The following overview and demonstration uses property [default.]field.allow.control.chars, a sister property of [default.]field.allow.non.ascii.chars. It can be run using JDBC loads of Catalog's PostgreSQL table podium_core.pd_workorder (from podium_md database), which has control chars in the status_log field.
Ultimately, it is data in fields that is evaluated and used to determine if a record is ugly. With respect to control characters, when it comes time to evaluate the data in the field, the following rules are applied in the following order. Note that demonstration results may vary based on data in the environment and setting [default.]field.allow.non.ascii.chars may also be required.
- If field property field.allow.control.chars is set to true or false, that is used as the setting;
- If not, and entity property default.field.allow.control.chars is set, that is used;
- If not, and source property default.field.allow.control.chars is set, that is used;
- If not, false is used.*
*There is a small set of properties, such as enable.profiling where instead of false, the default is taken from the core_env.properties file. The set includes: enable.profiling, distribution.excludes, enable.distribution, enable.validation, and enable.archive.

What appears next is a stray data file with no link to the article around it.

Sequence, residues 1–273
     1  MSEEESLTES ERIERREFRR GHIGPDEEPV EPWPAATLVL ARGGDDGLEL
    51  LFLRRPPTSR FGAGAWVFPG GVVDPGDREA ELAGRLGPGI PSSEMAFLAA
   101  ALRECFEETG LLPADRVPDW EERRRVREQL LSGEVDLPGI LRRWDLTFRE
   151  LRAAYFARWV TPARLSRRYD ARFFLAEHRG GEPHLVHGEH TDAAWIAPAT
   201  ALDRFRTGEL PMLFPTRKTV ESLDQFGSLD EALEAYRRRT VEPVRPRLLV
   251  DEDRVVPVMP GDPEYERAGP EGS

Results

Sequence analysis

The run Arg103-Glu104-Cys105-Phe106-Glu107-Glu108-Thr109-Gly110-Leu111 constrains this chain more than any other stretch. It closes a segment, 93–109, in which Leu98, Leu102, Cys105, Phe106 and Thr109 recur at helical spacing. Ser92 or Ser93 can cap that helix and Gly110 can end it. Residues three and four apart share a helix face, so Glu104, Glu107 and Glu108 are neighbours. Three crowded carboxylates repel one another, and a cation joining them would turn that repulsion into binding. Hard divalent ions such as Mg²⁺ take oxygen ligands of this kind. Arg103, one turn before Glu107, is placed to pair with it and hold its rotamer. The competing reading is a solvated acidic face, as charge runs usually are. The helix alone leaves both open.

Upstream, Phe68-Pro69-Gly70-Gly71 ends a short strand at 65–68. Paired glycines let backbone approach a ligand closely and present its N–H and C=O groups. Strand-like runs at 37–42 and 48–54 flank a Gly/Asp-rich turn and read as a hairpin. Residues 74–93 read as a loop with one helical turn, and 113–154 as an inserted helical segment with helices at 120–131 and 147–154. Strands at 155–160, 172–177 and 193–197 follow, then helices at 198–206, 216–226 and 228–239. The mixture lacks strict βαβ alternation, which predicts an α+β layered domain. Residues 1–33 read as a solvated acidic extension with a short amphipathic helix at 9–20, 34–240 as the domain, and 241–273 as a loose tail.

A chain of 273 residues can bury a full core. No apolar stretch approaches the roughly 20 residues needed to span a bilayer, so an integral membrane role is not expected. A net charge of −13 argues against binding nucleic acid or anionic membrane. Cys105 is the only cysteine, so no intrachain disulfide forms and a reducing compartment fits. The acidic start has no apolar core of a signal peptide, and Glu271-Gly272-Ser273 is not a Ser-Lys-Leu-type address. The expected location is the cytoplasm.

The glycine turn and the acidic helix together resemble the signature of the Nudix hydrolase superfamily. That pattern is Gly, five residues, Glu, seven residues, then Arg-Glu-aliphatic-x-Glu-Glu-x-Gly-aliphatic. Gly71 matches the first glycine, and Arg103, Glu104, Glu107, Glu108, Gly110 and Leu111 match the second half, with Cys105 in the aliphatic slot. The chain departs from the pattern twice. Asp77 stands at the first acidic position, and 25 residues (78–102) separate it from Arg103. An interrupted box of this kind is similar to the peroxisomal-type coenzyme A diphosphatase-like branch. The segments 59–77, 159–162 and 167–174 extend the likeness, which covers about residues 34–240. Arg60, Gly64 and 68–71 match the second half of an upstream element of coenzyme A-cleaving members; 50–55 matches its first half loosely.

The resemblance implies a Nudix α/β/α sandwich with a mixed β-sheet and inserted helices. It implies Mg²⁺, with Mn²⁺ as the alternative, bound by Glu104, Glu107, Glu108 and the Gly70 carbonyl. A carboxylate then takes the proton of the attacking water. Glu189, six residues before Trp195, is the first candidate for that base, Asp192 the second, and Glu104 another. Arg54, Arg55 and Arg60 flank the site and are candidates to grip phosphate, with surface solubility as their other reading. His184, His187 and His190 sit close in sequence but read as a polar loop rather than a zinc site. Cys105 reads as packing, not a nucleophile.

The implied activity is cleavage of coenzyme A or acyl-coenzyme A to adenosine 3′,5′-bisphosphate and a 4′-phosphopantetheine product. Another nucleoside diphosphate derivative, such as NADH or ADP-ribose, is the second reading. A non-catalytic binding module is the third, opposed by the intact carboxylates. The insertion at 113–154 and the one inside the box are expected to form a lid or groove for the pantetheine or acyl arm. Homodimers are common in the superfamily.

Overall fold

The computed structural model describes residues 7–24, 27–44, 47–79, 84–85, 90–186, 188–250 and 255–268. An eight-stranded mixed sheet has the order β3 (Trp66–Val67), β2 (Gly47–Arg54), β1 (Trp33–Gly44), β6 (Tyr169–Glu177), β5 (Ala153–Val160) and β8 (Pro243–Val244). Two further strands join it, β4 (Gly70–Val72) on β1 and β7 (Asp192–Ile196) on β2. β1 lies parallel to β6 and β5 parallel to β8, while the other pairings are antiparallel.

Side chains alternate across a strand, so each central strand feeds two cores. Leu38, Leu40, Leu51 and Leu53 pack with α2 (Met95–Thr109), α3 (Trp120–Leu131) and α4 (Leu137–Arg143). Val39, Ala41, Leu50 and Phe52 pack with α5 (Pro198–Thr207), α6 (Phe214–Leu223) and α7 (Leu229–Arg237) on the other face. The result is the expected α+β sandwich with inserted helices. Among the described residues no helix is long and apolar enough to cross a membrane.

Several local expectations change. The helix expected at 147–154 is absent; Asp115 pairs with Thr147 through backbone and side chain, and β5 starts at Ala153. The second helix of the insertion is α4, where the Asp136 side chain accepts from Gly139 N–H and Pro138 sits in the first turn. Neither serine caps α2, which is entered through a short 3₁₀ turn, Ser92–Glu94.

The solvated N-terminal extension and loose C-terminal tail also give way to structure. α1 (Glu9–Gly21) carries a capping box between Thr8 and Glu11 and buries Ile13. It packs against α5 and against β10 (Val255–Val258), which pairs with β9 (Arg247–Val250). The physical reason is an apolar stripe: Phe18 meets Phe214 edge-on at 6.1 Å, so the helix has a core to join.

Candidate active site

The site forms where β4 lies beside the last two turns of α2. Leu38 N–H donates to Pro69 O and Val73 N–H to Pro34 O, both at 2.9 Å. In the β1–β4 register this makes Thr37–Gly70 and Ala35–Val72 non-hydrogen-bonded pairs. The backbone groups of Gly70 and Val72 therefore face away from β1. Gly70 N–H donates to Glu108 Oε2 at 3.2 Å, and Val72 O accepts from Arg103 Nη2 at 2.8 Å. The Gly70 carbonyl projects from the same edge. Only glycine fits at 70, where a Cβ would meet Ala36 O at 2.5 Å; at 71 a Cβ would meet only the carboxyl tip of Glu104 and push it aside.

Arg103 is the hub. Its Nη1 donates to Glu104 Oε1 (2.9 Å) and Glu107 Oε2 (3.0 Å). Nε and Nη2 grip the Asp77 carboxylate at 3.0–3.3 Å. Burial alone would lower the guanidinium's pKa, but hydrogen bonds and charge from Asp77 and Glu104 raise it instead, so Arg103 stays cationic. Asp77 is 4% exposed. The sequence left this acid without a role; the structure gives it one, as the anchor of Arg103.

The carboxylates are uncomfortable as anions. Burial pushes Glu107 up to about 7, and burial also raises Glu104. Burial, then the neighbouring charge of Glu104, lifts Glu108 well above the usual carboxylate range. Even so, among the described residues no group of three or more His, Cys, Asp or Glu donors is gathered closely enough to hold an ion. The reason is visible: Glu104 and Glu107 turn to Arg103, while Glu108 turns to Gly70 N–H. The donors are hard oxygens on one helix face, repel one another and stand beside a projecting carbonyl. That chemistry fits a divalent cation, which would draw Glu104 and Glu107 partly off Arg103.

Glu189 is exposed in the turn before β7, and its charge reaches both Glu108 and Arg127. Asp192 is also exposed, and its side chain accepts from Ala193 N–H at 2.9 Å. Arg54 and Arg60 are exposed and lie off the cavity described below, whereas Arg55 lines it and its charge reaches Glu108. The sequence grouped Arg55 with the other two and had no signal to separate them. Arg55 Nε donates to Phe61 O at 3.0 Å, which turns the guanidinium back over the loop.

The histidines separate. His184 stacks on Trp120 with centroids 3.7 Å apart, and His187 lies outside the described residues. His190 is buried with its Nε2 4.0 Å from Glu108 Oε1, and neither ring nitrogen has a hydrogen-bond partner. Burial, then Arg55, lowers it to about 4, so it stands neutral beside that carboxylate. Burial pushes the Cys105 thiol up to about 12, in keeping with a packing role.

When running the demonstration, it is easiest to start with setting a property on the source, then the entity, then the field:
- Without setting any properties, load podium_core.pd_workorder; records will be marked as ugly (view the details).
- On source podium_core, set property default.field.allow.control.chars to true, reload; all records will be good;
- On entity pd_work_order, set property default.field.allow.control.chars to false, reload; records will be marked as ugly;
- On field status_log, set property field.allow.control.chars to true, reload; all records will be good.
Notice that the source and entity properties begin with "default." This is often, but not always, the case for other field validation properties.
Not all properties are applicable to sources, entities, and fields. For example, header.validation.pattern is specific to only an entity, and distribution.excludes (controlling distribution database tables tied to entities) does not make sense in the context of a field.
The Catalog user interface does NOT show the "effective property" used by code after the application of the above order of evaluation rules.